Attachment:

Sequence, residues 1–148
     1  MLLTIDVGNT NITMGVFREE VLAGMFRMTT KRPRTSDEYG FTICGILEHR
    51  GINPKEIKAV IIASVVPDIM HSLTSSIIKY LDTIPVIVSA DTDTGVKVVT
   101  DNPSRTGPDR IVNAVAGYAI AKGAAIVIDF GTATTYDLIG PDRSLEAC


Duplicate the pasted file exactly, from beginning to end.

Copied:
Sequence, residues 1–148
     1  MLLTIDVGNT NITMGVFREE VLAGMFRMTT KRPRTSDEYG FTICGILEHR
    51  GINPKEIKAV IIASVVPDIM HSLTSSIIKY LDTIPVIVSA DTDTGVKVVT
   101  DNPSRTGPDR IVNAVAGYAI AKGAAIVIDF GTATTYDLIG PDRSLEAC